Rose Pizzini describes herself as a “broken person”.
But it is not just the multiple spine and rib fractures that have left her broken.
It is the emotional and psychological pain she now deals with in her latest battle.
The former fruit picker and cleaner, who was injured at work in July 2016, is locked in a fight with Sunsuper, one of Australia’s largest superannuation funds.
She has accused them of failing to properly pay out her permanent disability claim, and compensation lawyers say she is one of many being put under severe financial stress by the organisation.
“I cry a lot. I go to bed at night and cry myself to sleep,” Ms Pizzini said.
When her savings ran dry in 2017 she said she applied for a Total Permanent Disability (TPD) lump sum but was unaware the company had recently changed its policy to make payments in instalments.
“Every 12 months I have to undergo more tests to prove that I do indeed have this existing condition,” she said.
“I think it’s absolutely disgusting and inhumane and a total injustice that a person who has a permanent injury is treated this way.
“They are totally aware that I’m not going to get better, that my future prognosis is poor and I will eventually need surgical intervention.”
Ms Pizzini said she was now under financial stress with a dependent son, but isn’t eligible for government assistance because she has a de facto partner.
“It has broken me as a person — mentally, emotionally and psychologically.”
Rose Pizzini has accused Sunsuper of failing to properly pay out her permanent disability claim. (ABC News)
Law firm Maurice Blackburn has alleged Sunsuper is in breach of the Superannuation Industry Supervision Act 1993 by paying claims in instalments rather than as lump sums.
In a statement, Sunsuper said it was confident its policy complied with all relevant laws and it consulted extensively with regulatory bodies before introducing the policy in July 2016.
Compensation lawyer Peter Koutsoukis said many members nationwide would not be aware of the changes.
“Instalments go for six years, so a person only gets a sixth of what they would normally get in a lump sum,” he said.
“Each year they have to reapply to prove that they are still disabled.
“They are trapped in this system of having to get medicals and prove over and over that they are disabled and these are people who have already proved that they are totally and permanently disabled.”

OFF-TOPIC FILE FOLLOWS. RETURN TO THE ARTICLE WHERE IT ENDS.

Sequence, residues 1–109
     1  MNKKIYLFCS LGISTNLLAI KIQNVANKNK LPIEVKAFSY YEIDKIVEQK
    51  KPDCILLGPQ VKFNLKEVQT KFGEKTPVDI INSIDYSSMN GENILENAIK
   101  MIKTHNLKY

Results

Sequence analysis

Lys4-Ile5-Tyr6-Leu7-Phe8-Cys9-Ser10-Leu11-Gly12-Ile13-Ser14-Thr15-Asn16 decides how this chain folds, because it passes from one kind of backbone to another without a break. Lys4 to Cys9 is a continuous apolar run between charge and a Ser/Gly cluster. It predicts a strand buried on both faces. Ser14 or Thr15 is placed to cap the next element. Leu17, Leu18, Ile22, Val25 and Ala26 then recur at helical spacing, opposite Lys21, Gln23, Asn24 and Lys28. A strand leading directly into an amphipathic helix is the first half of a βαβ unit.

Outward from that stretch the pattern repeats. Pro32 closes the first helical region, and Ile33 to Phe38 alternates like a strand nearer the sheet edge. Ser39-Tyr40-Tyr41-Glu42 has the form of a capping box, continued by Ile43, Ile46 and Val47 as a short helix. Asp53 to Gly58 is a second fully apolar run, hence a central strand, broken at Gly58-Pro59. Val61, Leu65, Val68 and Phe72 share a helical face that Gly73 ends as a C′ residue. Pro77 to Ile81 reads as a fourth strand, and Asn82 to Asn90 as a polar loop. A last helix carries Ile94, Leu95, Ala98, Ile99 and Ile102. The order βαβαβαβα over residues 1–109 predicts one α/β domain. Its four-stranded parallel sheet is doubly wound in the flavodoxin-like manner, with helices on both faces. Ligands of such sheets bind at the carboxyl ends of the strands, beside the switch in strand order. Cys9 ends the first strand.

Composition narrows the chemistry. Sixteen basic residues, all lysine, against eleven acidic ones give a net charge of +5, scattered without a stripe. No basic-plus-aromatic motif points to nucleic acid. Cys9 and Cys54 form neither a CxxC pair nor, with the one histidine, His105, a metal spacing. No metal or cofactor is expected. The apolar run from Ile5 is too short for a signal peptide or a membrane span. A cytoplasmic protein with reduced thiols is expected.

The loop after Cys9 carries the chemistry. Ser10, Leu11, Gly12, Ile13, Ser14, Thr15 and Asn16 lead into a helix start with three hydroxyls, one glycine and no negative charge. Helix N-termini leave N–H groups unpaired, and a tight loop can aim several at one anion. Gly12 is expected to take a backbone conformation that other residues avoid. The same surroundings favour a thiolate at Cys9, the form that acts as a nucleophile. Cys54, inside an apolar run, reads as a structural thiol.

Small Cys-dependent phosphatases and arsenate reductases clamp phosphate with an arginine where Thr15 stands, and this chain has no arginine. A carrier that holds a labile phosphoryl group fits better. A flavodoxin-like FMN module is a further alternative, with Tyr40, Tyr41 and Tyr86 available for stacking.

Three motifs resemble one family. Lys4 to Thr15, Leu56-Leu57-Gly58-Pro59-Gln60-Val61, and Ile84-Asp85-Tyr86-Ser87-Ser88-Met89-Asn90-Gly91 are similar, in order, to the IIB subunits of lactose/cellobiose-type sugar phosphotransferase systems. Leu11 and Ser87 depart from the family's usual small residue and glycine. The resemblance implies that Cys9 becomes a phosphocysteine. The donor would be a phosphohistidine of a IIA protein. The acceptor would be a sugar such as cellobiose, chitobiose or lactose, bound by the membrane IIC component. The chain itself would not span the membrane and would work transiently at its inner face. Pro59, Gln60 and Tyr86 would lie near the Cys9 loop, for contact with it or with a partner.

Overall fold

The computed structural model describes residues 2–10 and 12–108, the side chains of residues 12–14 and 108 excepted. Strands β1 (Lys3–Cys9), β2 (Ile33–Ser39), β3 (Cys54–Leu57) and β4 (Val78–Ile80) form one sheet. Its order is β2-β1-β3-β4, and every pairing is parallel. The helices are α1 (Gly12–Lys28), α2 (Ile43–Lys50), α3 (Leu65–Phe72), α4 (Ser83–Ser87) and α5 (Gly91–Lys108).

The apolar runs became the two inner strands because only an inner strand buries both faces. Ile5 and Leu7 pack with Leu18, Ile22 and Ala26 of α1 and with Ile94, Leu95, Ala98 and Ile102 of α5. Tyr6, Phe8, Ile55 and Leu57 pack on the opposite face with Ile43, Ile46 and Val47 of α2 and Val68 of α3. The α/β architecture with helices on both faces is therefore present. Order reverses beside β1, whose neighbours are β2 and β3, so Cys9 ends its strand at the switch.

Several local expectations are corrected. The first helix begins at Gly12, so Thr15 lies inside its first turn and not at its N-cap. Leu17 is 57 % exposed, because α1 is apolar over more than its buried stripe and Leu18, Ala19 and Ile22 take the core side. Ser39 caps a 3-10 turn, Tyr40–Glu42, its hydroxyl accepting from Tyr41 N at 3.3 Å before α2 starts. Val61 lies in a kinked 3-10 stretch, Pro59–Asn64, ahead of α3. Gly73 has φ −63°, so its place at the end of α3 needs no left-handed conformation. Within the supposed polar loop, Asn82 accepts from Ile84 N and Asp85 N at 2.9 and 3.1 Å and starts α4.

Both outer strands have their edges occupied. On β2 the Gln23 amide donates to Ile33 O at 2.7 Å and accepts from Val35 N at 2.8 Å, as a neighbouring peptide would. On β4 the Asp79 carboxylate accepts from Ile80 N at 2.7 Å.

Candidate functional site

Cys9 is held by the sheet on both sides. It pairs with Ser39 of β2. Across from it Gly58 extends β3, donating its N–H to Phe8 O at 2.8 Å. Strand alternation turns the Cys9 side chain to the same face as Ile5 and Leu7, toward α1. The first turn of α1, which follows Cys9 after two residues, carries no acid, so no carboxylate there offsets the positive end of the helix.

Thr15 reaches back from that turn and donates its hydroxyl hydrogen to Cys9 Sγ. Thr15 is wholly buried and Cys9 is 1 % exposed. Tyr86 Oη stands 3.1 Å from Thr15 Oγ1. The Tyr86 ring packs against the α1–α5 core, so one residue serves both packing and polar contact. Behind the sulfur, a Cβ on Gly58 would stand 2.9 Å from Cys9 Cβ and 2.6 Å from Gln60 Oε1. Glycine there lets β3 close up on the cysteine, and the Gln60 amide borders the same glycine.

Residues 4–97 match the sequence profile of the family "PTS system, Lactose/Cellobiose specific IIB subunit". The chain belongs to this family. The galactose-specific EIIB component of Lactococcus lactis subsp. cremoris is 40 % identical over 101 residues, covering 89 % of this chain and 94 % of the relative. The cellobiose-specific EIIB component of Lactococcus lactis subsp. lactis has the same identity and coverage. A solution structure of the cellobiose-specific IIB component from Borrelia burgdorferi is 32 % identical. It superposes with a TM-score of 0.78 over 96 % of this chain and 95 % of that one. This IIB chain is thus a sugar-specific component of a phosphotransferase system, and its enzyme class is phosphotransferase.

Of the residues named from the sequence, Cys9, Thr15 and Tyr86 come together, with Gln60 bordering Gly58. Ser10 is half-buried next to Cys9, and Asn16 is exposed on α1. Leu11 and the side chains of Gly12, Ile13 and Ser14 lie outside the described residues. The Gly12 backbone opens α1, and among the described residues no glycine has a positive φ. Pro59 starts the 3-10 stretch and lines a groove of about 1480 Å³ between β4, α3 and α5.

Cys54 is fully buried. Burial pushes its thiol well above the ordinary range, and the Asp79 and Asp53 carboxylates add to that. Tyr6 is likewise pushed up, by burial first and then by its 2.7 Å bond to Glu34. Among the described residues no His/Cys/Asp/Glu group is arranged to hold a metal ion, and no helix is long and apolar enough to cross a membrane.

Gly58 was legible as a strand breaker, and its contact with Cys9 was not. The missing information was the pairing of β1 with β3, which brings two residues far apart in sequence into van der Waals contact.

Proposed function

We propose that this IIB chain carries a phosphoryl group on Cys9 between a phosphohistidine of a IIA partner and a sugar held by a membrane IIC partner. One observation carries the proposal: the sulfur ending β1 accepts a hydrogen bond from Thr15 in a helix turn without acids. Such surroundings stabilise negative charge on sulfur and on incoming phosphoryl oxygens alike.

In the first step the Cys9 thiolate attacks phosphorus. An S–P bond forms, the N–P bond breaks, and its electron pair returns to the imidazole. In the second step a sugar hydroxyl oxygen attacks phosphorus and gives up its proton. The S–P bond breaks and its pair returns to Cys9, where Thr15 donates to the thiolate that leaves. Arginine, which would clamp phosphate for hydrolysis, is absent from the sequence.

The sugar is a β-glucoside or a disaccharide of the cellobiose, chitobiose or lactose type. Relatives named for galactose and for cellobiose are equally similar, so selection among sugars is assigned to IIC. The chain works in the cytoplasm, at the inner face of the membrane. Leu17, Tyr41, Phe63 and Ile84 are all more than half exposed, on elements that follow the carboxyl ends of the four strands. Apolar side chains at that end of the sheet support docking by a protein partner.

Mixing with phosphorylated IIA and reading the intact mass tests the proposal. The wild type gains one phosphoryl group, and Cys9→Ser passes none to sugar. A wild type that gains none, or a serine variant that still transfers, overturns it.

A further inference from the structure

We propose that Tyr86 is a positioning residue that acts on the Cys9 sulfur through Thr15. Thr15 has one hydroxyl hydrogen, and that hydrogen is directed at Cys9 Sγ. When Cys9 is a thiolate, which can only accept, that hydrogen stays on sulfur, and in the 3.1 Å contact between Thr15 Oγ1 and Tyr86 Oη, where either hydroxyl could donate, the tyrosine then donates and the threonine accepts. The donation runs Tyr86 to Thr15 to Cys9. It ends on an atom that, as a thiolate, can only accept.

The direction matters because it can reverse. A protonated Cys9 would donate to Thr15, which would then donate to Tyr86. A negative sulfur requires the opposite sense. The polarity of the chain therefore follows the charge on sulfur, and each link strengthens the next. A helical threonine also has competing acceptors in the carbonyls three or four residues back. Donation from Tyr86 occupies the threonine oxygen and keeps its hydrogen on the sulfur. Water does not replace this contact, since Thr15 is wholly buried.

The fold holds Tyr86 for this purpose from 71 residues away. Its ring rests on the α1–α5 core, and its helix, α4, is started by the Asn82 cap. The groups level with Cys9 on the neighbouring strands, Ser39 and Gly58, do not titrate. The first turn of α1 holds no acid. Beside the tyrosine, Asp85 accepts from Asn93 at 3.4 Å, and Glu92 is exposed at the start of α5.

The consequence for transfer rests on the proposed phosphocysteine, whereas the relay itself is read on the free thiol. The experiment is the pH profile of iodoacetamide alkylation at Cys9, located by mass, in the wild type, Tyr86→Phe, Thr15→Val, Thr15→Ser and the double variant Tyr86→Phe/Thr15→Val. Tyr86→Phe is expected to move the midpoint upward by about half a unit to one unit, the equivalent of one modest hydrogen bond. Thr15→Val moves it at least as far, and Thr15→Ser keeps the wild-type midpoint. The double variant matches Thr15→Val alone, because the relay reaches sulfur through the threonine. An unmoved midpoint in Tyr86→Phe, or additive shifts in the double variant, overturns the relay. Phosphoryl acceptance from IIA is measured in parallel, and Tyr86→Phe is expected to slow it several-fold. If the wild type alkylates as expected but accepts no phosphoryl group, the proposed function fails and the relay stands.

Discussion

Mr Koutsoukis said Sunsuper was the only superannuation fund in Australia to pay TPD claims in instalments.
“So in fact, they are pioneering the downgrading of people’s rights,” he said.
“I think financially they think that it will be more profitable to pay people over time because money devalues over time (and) some people will die.”
In its statement, Sunsuper said the policy focused on early intervention, occupational rehabilitation and where possible, helping members return to work.
“TPD Assist was developed after 18 months of research and consultation with more than 1 thousand Sunsuper members who had previously been through the claims process,” the organisation said.
“Sunsuper’s only motivation is to pay legitimate claims as quickly as possible and it is our recommendation that members only engage with plaintiff law firms if they really need to.
“This can avoid delays in the claims process and often hefty legal fees.”
Sunsuper member Brett Maynard was diagnosed with multiple sclerosis in 2014 and is suing Sunsuper to receive a lump sum benefit. (ABC News: Ellie Sibson )
Former truck driver Brett Maynard was diagnosed with multiple sclerosis (MS) in 2014 before the instalment policy was brought in.
He claimed to be eligible for a lump sum payment of $250,000 and is suing Sunsuper.
Mr Maynard said he has been rejected by the company on the grounds he could work.
“I have MS, it’s not something I can fake … the MRIs prove everything,” he said.
“Yes, looking at me you might not think I have a problem until you realise that I can’t actually pick up that pen and write properly, I can’t actually do up a button that’s come loose without five minutes of struggling.
“Whenever I apply [for jobs] I do tell them I have MS, because at the end of the day, they are going to find out so there’s no point in lying about it.”
Mr Maynard said he now relied on a disability pension and his wife had become his carer.
“People need to know that what they are paying for is not necessarily what they are getting,” he said.
“When the money is no longer coming in and all of a sudden you’re asking for help, all of a sudden what seemed to be a friendly face has turned into a brick wall with a locked door.
“If this continues there’s always that chance of bankruptcy.”
In its statement, Sunsuper said Mr Maynard’s claim was declined on the basis that he was not totally and permanently disabled when he ceased work and it could not comment further because the matter was before the courts.
It said its only motivation with insurance was to act in the best interest of all its members.